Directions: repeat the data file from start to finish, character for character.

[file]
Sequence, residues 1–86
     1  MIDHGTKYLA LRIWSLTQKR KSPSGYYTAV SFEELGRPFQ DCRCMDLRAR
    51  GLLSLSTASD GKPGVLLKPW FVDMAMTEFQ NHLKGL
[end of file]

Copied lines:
Sequence, residues 1–86
     1  MIDHGTKYLA LRIWSLTQKR KSPSGYYTAV SFEELGRPFQ DCRCMDLRAR
    51  GLLSLSTASD GKPGVLLKPW FVDMAMTEFQ NHLKGL